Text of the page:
Salsa Blanca

Salsa Blanca

This sauce might strike some of you as a bit strange. In fact, it will likely strike almost all of you as a bit strange. When I first discovered what was actually in it, even I, a lifelong consumer of this sauce, found it quite odd. But I implore you to look past your initial confusion and give it a shot–it is really delicious stuff.

In southeastern Virginia, where I grew up, Salsa Blanca is a staple at every Mexican restaurant. When you sit down, someone hustles over with a basket of chips accompanied by the traditional salsa roja and this delicious stuff. In the seven cities area, you cannot run a successful Mexican restaurant without it–people just won’t come. It wasn’t until I first moved out of Virginia that I realized no one else in the world eats it (or has ever heard of it).

As it turns out, this sauce was invented at a Mexican restaurant called El Toro in Norfolk, Virginia in the 1960s. It was originally created as a salad dressing and customer innovation led to it slowly migrating its way to the table as a second dip for tortilla chips. The original recipe was a closely guarded secret, but there are a few people out there who claim to have some inside knowledge. Below you will find the recipe that I reverse-engineered, which I think is pretty darn accurate.

It is no easy feat to figure out a recipe based on taste memories of something that you haven’t had in years, but I think this one is authentic. At the very least, it both transports me back to the favorite restaurant of my childhood and passes the general audience test as being damn delicious.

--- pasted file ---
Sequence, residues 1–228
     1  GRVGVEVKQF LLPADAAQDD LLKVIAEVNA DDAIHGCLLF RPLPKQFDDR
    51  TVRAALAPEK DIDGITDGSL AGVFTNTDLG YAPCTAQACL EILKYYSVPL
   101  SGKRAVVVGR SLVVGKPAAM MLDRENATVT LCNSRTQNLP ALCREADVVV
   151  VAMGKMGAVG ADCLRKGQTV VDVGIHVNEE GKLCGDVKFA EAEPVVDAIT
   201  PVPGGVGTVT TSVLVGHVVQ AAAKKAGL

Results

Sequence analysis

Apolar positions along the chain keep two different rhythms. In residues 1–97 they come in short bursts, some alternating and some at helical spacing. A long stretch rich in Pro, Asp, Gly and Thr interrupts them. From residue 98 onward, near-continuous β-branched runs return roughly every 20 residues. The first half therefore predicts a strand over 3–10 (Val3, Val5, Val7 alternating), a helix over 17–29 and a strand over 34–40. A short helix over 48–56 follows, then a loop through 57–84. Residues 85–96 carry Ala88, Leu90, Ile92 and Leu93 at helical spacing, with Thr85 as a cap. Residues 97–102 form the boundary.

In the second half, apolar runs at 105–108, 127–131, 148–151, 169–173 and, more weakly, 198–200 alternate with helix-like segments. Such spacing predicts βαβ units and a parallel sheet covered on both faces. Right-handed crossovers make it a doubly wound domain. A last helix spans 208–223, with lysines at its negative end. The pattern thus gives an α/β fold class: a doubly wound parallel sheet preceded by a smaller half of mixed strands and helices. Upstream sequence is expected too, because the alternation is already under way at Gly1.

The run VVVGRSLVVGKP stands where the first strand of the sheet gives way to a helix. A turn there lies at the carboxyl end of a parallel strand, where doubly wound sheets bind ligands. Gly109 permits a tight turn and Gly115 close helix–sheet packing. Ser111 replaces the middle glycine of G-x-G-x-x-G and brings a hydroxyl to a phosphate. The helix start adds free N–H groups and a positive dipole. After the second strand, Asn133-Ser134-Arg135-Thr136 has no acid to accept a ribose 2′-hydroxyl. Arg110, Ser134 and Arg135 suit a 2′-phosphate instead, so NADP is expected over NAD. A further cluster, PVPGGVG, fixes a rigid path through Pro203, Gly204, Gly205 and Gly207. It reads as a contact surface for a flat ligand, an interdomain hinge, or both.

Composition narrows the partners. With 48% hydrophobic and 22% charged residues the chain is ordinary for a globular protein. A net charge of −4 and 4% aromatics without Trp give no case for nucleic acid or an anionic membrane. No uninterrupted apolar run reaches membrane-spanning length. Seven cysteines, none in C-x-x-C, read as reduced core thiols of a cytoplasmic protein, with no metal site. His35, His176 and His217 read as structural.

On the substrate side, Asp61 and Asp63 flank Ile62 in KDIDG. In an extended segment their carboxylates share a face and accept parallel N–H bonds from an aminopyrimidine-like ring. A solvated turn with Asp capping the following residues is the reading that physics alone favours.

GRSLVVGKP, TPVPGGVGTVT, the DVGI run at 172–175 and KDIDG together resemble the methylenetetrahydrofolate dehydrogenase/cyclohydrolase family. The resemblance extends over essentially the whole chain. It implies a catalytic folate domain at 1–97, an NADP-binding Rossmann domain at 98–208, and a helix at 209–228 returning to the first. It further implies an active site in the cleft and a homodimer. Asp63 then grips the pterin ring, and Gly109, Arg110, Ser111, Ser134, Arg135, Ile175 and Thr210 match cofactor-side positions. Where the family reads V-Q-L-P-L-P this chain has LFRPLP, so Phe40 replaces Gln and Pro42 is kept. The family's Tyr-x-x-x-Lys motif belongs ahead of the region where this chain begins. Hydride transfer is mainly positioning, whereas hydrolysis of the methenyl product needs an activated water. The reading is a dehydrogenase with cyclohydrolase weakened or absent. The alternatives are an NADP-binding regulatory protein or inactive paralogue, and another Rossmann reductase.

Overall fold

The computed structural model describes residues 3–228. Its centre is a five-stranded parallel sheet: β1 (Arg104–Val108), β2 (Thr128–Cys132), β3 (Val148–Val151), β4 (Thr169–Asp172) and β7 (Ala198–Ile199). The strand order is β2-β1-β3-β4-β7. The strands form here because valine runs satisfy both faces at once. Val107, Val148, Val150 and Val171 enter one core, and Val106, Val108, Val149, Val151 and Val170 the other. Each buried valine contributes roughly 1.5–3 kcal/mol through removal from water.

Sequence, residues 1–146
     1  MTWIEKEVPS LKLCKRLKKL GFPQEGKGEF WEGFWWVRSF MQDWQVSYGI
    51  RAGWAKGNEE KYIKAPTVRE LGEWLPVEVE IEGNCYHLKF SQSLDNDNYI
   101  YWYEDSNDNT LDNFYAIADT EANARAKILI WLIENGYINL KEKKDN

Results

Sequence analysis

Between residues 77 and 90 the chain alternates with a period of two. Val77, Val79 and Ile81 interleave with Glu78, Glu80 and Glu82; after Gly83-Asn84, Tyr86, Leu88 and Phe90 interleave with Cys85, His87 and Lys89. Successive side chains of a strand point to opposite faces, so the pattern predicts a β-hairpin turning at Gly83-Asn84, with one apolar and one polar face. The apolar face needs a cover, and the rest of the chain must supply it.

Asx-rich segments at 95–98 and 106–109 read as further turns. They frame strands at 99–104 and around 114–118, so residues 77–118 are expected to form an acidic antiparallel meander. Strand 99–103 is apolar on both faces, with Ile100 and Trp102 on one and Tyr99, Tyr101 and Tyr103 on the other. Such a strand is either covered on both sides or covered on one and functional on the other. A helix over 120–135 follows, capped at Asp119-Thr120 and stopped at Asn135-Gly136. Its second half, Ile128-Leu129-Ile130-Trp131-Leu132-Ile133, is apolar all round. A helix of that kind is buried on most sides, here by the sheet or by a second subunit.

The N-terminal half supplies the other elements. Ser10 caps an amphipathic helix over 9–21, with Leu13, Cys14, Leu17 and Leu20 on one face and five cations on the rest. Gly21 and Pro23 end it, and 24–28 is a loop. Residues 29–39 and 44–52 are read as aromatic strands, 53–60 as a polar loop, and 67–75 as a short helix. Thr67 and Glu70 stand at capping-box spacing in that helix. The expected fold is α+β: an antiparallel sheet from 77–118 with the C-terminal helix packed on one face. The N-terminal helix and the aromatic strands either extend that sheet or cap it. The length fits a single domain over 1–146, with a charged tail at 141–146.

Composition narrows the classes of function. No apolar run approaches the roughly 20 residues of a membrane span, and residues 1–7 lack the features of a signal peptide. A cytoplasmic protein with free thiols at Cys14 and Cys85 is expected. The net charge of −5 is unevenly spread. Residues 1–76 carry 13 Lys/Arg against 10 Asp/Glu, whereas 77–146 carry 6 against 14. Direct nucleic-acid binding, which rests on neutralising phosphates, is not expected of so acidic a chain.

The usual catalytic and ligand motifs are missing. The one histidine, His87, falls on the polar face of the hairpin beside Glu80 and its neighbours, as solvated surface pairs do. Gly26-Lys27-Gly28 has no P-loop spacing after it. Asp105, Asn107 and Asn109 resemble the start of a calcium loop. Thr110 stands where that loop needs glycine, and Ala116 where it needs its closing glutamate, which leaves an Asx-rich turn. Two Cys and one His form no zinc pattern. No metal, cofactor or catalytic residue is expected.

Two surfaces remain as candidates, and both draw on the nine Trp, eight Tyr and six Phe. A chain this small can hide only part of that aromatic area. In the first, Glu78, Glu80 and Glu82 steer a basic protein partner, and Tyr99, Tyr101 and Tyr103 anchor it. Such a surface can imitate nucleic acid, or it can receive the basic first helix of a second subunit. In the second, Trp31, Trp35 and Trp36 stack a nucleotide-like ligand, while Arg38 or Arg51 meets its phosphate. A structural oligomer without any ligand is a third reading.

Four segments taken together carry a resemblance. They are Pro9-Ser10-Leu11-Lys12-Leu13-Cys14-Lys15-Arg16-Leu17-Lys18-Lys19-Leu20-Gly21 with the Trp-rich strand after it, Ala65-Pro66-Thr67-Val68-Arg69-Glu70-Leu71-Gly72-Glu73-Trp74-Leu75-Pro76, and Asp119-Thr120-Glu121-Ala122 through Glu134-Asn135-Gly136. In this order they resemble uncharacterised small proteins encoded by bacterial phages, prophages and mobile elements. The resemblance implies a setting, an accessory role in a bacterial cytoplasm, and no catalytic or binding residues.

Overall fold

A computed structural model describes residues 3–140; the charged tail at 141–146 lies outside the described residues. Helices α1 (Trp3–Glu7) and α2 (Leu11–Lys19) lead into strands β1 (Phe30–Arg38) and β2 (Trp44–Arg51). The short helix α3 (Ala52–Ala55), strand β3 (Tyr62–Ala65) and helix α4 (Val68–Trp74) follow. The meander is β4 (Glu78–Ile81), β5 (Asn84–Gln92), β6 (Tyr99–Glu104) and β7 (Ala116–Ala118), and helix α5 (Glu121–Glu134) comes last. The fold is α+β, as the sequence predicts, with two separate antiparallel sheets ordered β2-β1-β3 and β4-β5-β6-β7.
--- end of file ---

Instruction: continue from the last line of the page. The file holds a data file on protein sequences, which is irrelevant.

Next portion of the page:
It is an easy salsa to throw together next time you’re having tacos, and I promise it won’t disappoint. It ain’t real classy, but it is undoubtedly delicious. And if you’re ever in the Hampton Roads area, stop in at Plaza Azteca (there are a few of them now) and get yourself some of the original.


Salsa Blanca


Salsa Blanca

2 cups mayonnaise (I like Helmann’s or Duke’s)
½ cup milk
1 tsp crushed red pepper
1 ½ tsp dried oregano
1 ½ tsp garlic powder
1 tsp cumin
¼ cup pickled jalapeno brine
1 tsp agave nectar or honey

This one is pretty simple–the only trick is that you can’t eat it right away. Mix everything together and pop it in the fridge. It is one of those things that gets better with time, so you can eat it after a few hours, but the next day is better, and some purists say it needs a minimum or two days to mature properly.

Serve it with some nice tortilla chips and preferably alongside a nice salsa roja (recipe here) to get the full experience. I was never a double-dipper, but some folks insist that you should have both salsa blanca and salsa roja on every chip.



Related Recipes:

Salsa Roja

Tex-Mex Risotto

Stovetop Chicken Nachos

Horchata Panna Cotta

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